Dec 222014

By Ipswich Historical Commission chairman John Fiske:

Ipswich is home to two groundbreaking masterworks of early eighteenth century America,  a paneled wall and a pulpit. Both were made by Abraham Knowlton (1699- 1751), a woodworker who is less well known than he deserves to be.

The Abraham Knowlton house

The Abraham Knowlton house

William Knowlton, born in England in 1615, was the first of the family to settle in Ipswich. He arrived in 1641, seven years after the town was founded. He was the father of Thomas, grandfather of Nathaniel and great grandfather of Abraham Knowlton, who  was born in 1699 to Nathaniel and Deborah Jewett Knowlton, the fifth of seven children. Their house lot on the corner of Summer St. and County St. was first granted to Humphrey Bradstreet, and in 1646 he sold the house and land to Deacon Thomas Knowlton, shoemaker. Deacon Thomas sold his house, barn and two acres of land to his son Nathaniel Knowlton on Dec. 6, 1688.

Nathaniel sold half the homestead and half an acre to his son, Abraham Knowlton, May 5, 1725, just when Abraham was establishing his woodworking business in town. Abraham built the house that now stands at 16 County Street on the lot that he bought from his father.

Turned balusters in the Richard Rogers house by Abraham Knowlton

Knowlton’s earliest known work is the banisters in his own house on County Street, built c. 1725. He turned virtually identical baluster forms for the nearby Wainwright-Treadwell House in 1726, which he also fitted with Georgian paneling. In 1727-8, he repeated his now signature balusters on the staircase of the Reverend Nathaniel Rogers house, but here he gave the banisters the most elaborate, most rococo newel post that he had yet produced. A year later, in 1728, he moved across High Street and produced the baluster turnings yet again, this time for Captain Richard Rogers, brother of Nathaniel.

It was in the Captain Richard Rogers house that Knowlton produced the masterwork of his early period: A shell cupboard set at one end of a Georgian paneled wall whose opposite end contained a fine doorway that balanced the cupboard with perfect symmetry. The raised panels throughout the wall and doors were set in molded frames that were, in turn, set into a mortise-and-tenoned framework. Flanking the fireplace were the newest things to come out of classical times, wooden copies of marble, stopfluted pilasters. The tops of the door and the cupboard were arched with central keystones, in wood, of course, not marble. Nobody in Ipswich had ever seen a wall paneled like that.

Shell cupboards in the Richard Rogers house

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Nov 302014
Room from the Hart House

Room from the 1640 Hart House, now in the Metropolitan Museum of Art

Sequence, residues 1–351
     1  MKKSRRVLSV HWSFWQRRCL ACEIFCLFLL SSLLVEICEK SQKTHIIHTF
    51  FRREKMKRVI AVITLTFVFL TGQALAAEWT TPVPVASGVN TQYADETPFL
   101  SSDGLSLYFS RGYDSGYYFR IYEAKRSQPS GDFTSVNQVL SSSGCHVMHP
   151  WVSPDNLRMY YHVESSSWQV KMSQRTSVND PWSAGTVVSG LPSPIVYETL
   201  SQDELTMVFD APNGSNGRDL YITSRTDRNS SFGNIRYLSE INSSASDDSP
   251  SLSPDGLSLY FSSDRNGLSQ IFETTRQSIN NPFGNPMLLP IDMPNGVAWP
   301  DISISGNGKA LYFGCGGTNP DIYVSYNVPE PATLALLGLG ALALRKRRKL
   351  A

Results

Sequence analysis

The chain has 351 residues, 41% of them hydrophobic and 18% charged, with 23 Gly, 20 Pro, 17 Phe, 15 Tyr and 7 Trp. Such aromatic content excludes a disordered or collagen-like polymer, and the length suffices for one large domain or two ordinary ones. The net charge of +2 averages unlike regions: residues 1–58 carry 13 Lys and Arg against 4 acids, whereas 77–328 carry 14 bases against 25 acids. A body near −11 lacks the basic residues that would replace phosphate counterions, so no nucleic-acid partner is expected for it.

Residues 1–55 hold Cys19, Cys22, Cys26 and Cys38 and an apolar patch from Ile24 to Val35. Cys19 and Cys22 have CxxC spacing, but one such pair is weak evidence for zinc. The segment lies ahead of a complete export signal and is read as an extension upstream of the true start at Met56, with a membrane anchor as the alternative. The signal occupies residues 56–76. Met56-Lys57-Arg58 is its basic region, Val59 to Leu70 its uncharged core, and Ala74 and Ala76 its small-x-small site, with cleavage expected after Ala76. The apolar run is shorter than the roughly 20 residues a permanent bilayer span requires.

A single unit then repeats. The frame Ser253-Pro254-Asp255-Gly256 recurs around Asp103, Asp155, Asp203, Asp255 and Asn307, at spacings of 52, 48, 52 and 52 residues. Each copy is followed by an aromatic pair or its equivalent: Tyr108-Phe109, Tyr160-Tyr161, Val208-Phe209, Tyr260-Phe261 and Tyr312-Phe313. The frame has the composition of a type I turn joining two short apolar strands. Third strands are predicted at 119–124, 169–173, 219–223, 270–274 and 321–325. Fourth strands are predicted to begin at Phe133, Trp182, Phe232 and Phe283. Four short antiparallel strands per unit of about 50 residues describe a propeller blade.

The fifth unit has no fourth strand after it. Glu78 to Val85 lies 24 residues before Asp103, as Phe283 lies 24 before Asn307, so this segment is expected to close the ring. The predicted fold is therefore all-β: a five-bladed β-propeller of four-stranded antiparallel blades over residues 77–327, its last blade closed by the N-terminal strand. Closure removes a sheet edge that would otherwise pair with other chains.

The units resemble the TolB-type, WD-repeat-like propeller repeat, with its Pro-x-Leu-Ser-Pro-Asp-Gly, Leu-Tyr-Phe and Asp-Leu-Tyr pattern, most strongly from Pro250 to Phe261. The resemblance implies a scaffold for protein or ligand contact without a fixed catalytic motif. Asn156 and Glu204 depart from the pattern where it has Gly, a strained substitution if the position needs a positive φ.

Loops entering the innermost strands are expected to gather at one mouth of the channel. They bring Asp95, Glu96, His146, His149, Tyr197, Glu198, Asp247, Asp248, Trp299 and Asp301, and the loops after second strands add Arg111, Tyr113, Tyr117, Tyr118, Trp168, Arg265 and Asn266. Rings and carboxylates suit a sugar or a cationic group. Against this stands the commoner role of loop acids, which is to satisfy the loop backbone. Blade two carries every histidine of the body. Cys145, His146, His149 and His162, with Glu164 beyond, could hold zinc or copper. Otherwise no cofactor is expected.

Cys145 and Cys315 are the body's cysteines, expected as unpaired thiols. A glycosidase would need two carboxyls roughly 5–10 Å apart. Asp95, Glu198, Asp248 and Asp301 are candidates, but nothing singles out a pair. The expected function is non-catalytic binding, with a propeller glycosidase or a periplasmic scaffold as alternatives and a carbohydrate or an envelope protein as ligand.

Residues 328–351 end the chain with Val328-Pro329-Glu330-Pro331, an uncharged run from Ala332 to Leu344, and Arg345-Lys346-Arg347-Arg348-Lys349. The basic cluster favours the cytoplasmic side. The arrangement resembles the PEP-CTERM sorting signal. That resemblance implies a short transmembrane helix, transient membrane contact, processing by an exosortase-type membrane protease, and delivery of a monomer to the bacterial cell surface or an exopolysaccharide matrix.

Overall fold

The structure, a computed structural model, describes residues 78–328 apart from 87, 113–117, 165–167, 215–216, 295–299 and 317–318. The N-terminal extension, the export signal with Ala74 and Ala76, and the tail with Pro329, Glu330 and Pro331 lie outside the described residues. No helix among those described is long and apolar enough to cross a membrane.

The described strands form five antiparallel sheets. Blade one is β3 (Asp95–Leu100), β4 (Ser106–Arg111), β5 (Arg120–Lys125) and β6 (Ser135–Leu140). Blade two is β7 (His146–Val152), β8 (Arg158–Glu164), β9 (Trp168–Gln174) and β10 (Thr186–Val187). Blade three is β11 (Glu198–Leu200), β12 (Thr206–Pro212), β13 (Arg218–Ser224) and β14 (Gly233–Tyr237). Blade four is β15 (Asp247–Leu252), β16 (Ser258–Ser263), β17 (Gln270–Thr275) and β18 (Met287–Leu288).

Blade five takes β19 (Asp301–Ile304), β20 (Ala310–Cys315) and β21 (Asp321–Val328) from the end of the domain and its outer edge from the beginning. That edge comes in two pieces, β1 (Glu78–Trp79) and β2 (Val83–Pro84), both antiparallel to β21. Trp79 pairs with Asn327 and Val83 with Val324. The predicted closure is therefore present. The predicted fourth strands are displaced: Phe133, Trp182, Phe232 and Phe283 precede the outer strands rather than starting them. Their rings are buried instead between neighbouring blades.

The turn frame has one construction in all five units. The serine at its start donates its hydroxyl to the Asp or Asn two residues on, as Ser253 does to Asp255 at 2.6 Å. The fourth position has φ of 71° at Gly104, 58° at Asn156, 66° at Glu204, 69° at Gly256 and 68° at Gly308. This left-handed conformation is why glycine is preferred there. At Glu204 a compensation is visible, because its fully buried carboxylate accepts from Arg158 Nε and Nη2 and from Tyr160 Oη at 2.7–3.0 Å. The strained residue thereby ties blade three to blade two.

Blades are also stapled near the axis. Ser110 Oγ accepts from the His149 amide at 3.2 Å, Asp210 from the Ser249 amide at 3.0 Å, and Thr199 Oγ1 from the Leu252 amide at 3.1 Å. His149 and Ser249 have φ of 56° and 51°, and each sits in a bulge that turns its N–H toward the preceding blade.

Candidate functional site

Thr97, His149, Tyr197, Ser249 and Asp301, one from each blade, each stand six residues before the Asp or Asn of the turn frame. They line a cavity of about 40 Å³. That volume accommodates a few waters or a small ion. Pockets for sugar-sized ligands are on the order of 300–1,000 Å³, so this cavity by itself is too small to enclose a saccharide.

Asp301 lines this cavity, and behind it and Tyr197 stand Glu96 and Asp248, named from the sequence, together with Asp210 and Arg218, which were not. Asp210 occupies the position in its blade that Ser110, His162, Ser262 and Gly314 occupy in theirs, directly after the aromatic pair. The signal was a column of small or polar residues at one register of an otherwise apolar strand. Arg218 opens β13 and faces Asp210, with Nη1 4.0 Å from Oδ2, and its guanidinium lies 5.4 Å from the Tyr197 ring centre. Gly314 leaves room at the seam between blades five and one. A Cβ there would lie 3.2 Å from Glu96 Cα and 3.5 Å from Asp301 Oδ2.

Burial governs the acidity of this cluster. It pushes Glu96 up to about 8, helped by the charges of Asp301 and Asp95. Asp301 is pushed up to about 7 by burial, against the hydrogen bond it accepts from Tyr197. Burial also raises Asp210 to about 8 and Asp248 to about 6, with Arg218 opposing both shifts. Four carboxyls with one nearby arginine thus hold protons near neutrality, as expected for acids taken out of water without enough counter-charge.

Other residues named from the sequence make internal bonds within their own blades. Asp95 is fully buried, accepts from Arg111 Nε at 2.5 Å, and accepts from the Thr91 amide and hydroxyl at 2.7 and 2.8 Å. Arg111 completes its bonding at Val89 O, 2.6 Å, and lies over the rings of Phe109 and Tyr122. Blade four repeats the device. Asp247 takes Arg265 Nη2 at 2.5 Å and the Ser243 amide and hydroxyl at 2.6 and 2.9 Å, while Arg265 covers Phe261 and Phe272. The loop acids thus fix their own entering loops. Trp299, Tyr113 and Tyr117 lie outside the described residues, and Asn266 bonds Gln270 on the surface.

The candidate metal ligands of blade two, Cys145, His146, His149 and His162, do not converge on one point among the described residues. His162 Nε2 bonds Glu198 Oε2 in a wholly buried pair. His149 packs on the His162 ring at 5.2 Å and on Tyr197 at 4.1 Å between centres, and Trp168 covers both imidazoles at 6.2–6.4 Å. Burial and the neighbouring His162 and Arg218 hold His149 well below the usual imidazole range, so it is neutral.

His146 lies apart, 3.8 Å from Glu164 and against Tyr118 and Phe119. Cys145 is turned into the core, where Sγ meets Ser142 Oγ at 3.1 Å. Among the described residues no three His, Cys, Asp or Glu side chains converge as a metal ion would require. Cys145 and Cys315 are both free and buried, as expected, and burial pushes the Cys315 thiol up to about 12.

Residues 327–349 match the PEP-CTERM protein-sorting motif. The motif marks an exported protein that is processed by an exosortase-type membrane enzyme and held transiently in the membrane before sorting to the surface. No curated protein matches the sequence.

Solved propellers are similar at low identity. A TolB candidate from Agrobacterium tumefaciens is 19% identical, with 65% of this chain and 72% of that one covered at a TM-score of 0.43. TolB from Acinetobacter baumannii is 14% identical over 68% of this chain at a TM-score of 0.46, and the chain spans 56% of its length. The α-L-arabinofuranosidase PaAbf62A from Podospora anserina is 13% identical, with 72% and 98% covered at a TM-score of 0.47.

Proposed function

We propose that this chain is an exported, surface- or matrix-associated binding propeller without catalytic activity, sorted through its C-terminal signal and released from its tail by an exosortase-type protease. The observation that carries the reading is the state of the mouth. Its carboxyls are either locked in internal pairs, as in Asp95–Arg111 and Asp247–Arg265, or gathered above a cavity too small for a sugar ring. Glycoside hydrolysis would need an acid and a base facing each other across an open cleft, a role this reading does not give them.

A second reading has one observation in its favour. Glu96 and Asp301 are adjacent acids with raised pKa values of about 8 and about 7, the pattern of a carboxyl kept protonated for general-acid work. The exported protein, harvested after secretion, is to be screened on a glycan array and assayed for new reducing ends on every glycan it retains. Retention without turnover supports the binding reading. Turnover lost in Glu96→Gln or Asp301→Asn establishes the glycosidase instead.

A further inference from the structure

By Ipswich Historical Commission chairman John Fiske:

Don’t we all get a slightly guilty thrill at peeking into someone else’s room? It’s a bit like listening to their secrets. Now here’s a room that is actually meant to be peeked into – you can tell that by how neat and tidy it is. It is a room from the 1640 Hart House in Ipswich that is now in the Metropolitan Museum of Art in New York. It is the very first thing that visitors see when they step out of the elevator in the American Wing.

Tucked away in the northeastern corner of the country, we New Englanders are architecturally privileged: It’s not often we go for a drive without seeing first or second period houses (i.e. ones built between 1635 and about 1785). It’s far too easy for us to take them for granted, far too easy for us to overlook the fact that the vast majority of Americans will never see a first period house standing on the spot where it was built – unless of course, they come to visit us in Ipswich: welcome, all of you, please come. Continue reading »

Oct 222014
Historic houses on High Street in Ipswich MA

Historic houses on High Street  are now protected through the APD

A Warrant article for the 2014 Fall Town Meeting on Tuesday, October 21, 2014 established an Architectural Preservation District (APD) for the most historic areas of the town.

TheAPD encompasses an area roughly defined as 220 acres beginning at the South Green, continuing along the river to the Town Wharf, East and High Streets to the High Street Bridge, North Main Street and Meeting House Green.

Map of proposed Architectural Preservation District. he current draft encompasses an area roughly defined as 223 acres beginning at South Green, continuing along the river to the Town Wharf, East and High Streets to the High Street Bridge, North Main Street and Meeting House Green.

Map of proposed Architectural Preservation District

View the APD article from the 2014 Fall Town Meeting warrant . (Note: references to landscape were deleted. The wording of the enforcement clause was also deleted and will be added at the next town meeting.

The bylaw exempts many home improvements, such as painting, installation/ replacement of storm/screen windows, removal/replacement of window and door shutters, and all interior alterations, from any consideration by the APD Commission.

The bylaw will require property owners to appear before the Commission and obtain their approval only in the following three instances:

  • Demolition of a building constructed between 1634 and 1900.
  • Construction of a new building or substantial addition to an existing building.
  • Substantial exterior alteration to a building constructed prior to 1900. (Substantial alteration is defined by the bylaw as an alteration to a building’s exterior which bears a cost that equals or exceeds 50% of the market value of the structure prior to renovation, or which significantly changes the shape, height and proportions, or scale of the building, and/or its relationship to surrounding structures.